Historically, neurologists have prided themselves on long and thorough clinical assessments—sometimes hours long—for conclusive diagnosis. Sadly, for many diagnoses there were no effective forms of treatment, although that is also changing. Today, we have well and truly entered a new age of neurology, in which rapid assessments and advanced diagnostics play a key role in effecting favorable outcomes for many conditions. Imaging in neurology has become a very vital tool essential to achieving such outcomes.

The accepted standards of clinical practice in the western world use imaging as a decision-making tool in stroke, neuro-oncology, and neurotrauma. Newer applications of existing imaging enhance clinical assessment in neuromuscular and movement disorders. Cutting edge improvements in imaging are integral to intervention and prognostication for neuro-oncologic and neurocritical care. The interest and investment from the giants in technology research and development result in new imaging modalities continually being introduced. Thus, it is our job as clinicians to keep up with these new tools, learning and understanding how to use them effectively.

In this issue, we begin with a basic review of imaging findings in neurotrauma, with Collin Herman and Chesney Oravec (with my help) putting together a thorough primer, bound to be helpful to emergency physicians and intensivists, as well as neurologists and neurosurgeons. Although newer CT and MRI tools are becoming available, a foundation in emergent imaging promises to improve outcomes for neurotrauma.

Acute-stroke care is an area where progress has been made by leaps and bounds. New thrombectomy and intervention trials have drastically changed the outlook for otherwise dismal conditions. The RAPID CT perfusion imaging has been a game changer, and Brady Laughlin and colleagues under the purview of Parham Moftakhar clarify the nuances of the technique, while offering the reader pearls and pitfalls to the interpretation of RAPID scans.

Ultrasound as a tool has existed for decades, but only recently has it been accepted as an extension of our senses, so to speak, when it comes to clinical assessment. Emergency and critical care physicians swear by it, and neuromuscular experts have made it a valuable weapon in their arsenal. Jared Hollinger and Vanessa Baute tell us about the applications of ultrasound in the early and accurate diagnosis of various nerve and muscle pathologies.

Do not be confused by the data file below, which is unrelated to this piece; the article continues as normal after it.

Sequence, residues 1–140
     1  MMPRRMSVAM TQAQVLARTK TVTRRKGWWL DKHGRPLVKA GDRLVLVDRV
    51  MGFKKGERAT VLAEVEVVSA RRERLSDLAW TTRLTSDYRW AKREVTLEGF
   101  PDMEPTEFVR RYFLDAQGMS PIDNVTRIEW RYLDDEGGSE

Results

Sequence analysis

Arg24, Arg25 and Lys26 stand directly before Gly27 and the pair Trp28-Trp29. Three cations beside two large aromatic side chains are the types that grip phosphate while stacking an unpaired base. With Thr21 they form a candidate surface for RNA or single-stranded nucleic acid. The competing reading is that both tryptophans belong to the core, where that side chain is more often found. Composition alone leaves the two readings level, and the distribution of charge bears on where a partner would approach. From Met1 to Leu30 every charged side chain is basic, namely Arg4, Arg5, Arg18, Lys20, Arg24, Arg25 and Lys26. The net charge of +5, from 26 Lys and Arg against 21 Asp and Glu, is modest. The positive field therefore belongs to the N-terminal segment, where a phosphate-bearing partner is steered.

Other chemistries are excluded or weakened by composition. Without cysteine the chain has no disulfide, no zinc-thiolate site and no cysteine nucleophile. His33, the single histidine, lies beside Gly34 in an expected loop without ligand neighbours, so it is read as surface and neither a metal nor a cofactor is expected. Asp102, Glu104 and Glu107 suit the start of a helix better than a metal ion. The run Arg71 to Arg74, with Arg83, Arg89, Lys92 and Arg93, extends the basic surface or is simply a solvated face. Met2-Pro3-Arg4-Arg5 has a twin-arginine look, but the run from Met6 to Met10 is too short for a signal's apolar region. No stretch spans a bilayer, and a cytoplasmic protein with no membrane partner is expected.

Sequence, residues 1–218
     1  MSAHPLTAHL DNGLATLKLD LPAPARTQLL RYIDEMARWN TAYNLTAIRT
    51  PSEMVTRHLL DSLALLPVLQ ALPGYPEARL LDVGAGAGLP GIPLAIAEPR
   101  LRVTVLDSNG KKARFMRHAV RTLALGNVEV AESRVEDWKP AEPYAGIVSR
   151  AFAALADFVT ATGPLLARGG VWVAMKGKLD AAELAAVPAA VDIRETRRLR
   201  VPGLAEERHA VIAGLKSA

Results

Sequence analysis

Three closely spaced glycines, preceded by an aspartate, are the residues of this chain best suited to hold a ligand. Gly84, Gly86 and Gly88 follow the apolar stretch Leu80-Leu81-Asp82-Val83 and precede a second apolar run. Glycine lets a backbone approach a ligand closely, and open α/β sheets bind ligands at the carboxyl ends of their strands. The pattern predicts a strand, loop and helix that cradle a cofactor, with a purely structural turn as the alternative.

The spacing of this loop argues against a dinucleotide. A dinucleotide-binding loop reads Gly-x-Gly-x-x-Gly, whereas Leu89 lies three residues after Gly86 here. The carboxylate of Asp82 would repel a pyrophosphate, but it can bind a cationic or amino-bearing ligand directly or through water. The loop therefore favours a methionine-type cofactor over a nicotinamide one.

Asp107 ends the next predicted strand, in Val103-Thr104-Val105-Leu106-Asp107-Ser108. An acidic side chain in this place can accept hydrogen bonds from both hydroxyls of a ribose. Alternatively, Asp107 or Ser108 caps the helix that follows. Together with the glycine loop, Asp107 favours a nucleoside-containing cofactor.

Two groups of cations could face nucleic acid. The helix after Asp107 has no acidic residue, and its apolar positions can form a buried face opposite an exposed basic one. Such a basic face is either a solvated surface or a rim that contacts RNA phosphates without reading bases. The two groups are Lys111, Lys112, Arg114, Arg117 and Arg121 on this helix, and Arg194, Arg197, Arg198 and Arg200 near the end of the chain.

Our best technologies are still put to the test when it comes to the biggest malady known to human-kind, cancer. Newer MRI sequences are now widely available—knowing the scope of these is vital to decision making in diagnosis, treatment, and prognostication. Mona Shahriari comes together, once again with Parham Moftakhar to elucidate these sequences and make the reader aware and comfortable with what might otherwise remain radiology mumbo-jumbo.

Finally, we have an informative report from dementia expert Mary Koran about the usefulness of imaging for understanding dementia. Although clinical and behavioral testing remain the cornerstones of dementia diagnosis, imaging and serum and cerebrospinal fluid markers are becoming important. Of particular interest is positron emission tomography (PET) using radiolabeled tracers that help characterize brain regions affected, thereby altering prognosis. With new research in the field, imaging will likely hold the key to early diagnosis and hopefully, the development of disease-modifying treatment.

This issue is by no means a comprehensive review on all imaging modalities in neurology. But we sure hope it makes the reader aware and comfortable when ordering and interpreting scans.

My thanks to all the contributors and Anne M. Sydor, editor-in-chief of Practical Neurology for their efforts in making this happen. We hope our readers find this to be a useful resource.